8th Judicial District Issues Updated Protocols for Courts, including Supreme, Family, and Surrogate’s Court

For the past many months, the Unified Court System has permitted in-person proceedings in accordance with the Governor’s un-PAUSE NeW York plan. Foot traffic in the courthouses has been gradually increased to correspond with an improvement in ‘the metrics measuring the spread of the Coronavirus. Recently, the metrics have indicated the need to once again reduce foot traffic in the courthouses to protect the health and safety of litigants, lawyers, court staff and judges. It is critical that the Courts immediately decrease in-person proceedings in order to protect the health and safety of all court users, court staff and judges and to further reduce the community sPread of the Coronavirus. These protocols are intended to create an environment where the “normal” is a Virtual appearance and in-person appearances are rare.

In any district, the Administrative Judge may, based upon local conditions, enact more restrictive operational protocols deemed appropriate by the Administrative Judge.

This Plan should be considered an update to the Return to In-Person Operations Plan effective October 19, 2020, Judge Marks’ Memo “Revised Pandemic Procedures in the Trial Courts” dated November 13, 2020, and the Updated Operating Protocols Effective November 23, 2020. Commencing December 9, 2020 all court operations in the 8th Judicial District of the-State of New York shall be conducted pursuant to this Plan.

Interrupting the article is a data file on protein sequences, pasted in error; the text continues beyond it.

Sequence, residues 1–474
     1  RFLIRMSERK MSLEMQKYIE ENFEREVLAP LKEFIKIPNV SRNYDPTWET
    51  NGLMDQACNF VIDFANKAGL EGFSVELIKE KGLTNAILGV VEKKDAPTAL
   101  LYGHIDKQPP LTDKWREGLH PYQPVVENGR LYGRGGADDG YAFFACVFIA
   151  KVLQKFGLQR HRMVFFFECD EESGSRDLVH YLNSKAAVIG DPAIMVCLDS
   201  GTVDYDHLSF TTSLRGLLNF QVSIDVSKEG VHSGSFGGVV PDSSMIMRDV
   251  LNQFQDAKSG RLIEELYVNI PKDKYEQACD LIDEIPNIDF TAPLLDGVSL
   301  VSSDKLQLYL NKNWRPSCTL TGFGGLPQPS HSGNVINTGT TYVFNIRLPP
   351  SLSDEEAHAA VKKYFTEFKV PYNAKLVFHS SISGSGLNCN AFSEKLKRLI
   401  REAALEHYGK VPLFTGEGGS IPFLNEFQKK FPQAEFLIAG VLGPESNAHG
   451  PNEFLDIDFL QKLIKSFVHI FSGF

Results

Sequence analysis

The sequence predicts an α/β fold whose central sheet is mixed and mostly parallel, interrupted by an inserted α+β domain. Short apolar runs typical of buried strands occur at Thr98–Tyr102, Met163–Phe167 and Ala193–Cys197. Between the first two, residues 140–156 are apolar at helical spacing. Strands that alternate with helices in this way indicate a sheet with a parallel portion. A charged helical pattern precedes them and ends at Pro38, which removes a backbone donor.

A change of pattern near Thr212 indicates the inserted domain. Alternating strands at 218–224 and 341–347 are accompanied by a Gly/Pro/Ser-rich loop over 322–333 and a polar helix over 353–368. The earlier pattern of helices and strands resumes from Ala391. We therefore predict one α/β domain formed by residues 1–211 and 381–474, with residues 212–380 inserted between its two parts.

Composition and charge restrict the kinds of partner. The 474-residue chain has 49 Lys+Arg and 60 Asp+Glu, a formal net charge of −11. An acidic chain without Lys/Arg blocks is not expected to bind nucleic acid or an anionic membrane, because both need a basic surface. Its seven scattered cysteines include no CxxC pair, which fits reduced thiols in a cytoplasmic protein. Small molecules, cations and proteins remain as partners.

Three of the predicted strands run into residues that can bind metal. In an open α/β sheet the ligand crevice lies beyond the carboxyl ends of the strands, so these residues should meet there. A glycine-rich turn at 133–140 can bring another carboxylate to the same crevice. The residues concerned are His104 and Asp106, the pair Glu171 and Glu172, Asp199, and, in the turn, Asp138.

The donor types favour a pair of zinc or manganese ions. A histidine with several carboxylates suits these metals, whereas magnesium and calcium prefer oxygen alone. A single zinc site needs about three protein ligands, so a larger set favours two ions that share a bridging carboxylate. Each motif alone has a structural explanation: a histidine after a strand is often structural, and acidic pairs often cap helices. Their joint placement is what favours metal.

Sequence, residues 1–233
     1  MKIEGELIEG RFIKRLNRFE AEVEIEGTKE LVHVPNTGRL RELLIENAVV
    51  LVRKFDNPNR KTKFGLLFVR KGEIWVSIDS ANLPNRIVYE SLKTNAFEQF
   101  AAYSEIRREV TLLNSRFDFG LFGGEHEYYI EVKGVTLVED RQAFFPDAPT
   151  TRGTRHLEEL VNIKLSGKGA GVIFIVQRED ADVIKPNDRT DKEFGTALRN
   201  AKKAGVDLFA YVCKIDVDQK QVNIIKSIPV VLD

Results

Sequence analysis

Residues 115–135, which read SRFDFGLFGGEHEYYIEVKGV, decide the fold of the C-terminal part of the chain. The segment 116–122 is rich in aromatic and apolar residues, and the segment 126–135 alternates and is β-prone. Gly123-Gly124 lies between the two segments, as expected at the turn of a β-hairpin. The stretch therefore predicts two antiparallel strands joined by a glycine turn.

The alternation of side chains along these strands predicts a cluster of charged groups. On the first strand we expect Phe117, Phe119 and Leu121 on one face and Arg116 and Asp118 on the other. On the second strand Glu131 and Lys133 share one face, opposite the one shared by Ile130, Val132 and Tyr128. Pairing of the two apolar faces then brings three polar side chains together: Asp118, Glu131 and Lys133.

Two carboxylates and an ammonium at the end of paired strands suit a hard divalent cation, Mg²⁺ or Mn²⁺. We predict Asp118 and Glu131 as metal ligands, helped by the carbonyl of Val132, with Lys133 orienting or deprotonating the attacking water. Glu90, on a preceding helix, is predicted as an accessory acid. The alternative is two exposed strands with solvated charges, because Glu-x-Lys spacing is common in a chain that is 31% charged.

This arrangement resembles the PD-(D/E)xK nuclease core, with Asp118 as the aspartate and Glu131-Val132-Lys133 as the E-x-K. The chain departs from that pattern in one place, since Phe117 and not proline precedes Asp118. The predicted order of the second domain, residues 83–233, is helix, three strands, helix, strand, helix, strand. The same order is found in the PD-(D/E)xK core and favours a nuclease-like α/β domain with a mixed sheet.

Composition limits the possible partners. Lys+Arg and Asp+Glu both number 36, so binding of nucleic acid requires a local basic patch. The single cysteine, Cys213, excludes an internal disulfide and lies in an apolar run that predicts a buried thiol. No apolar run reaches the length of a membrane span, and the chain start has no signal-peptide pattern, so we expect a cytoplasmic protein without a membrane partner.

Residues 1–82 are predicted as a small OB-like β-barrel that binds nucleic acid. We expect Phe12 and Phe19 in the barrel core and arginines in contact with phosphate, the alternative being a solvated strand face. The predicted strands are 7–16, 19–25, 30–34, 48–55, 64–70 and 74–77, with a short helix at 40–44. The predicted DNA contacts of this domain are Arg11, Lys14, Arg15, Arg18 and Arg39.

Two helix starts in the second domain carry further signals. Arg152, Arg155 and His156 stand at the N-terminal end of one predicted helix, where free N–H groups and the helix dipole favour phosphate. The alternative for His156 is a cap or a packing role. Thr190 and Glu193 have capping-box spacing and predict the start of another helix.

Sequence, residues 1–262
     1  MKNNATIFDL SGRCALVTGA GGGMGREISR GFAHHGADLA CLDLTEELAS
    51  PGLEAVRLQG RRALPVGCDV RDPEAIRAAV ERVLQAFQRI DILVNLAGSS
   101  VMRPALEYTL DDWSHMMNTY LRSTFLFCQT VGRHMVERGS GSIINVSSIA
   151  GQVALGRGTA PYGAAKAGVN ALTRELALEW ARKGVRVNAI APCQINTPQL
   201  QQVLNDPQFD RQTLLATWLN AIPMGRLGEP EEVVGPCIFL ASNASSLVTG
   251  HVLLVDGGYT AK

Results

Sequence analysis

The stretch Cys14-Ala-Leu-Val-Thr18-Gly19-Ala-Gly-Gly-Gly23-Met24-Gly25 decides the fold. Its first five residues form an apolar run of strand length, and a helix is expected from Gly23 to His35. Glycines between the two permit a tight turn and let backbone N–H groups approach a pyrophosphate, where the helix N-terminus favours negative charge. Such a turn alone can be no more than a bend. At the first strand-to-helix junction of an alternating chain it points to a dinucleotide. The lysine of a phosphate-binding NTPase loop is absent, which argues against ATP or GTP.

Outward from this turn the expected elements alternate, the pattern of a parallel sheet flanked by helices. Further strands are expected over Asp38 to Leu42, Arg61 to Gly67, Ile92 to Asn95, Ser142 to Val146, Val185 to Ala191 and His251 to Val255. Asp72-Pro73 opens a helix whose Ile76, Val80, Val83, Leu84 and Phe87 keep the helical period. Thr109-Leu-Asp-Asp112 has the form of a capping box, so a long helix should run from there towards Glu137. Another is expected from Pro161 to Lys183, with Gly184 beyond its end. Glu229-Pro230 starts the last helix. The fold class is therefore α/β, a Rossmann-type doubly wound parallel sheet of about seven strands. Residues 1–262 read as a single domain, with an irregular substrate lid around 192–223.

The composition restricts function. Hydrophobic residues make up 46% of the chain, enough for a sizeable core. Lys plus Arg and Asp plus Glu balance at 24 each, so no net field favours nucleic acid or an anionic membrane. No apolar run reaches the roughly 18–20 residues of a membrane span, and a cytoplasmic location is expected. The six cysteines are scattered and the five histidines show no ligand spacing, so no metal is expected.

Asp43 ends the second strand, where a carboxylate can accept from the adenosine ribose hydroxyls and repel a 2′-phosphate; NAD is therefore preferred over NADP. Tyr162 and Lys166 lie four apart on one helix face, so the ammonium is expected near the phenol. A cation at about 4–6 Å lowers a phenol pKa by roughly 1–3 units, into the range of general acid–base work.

I. Courthouse Operations
A. Scheduling
Calendar times shall be staggered so that different courts (e.g. Family, Criminal, etc.) in the same building start at different times.
Judges may not hold in~person proceedings more than one day per week, unless an exception is requested and granted by the Administrative Judge. The scheduling shall be as coordinated by Supervising Judges and Chief Clerks to assure appropriate limiting of foot traffic.
In each court, there shall be a maximum of 5 cases/proceedings scheduled in-person per hour.
B. Occupancy of all courtrooms shall be limited to the lesser of 10 people or ½ the posted room occupancy per code. An exception shall be granted for jury trials or grand juries (in those instances, occupancy shall be limited to the lesser of 30 people or½ the posted room occupancy per code). Any exceptions that were previously granted to the occupancy limits are rescinded until further notice.
C. The number of non-judicial staff reporting to the courthouse shall be reduced in the discretion of the Administrative Judge to the minimum number necessary to ensure safe operation. In-person staffing at these reduced levels should be scheduled in a manner that limits the likelihood and adverse consequence of a positive COVID transmission in the workplace. All staff not reporting to the courthouse shall work remotely. Under no circumstance shall the number of non-judicial staff reporting to the-courthouse exceed between 25% to 40% of normal pre-COVID staffing.
D. All current safety measures and protocols will continue. Court managers and PPE Compliance Coordinators shall take steps to enhance monitoring and compliance with all safety measures including social distancing at all times.

II. Court Proceedings
A. No new prospective trial jurors (criminal or civil) will be summoned for jury service until further notice.

B. No new prospective grand jurors will be summoned to report for grand jury service unless authorized by appropriate administrative order. Existing grand juries, pursuant to Section 190.15 of the Criminal Procedure Law, may continue, as provided by law, or upon application of the appropriate district attorney to the Administrative Judge.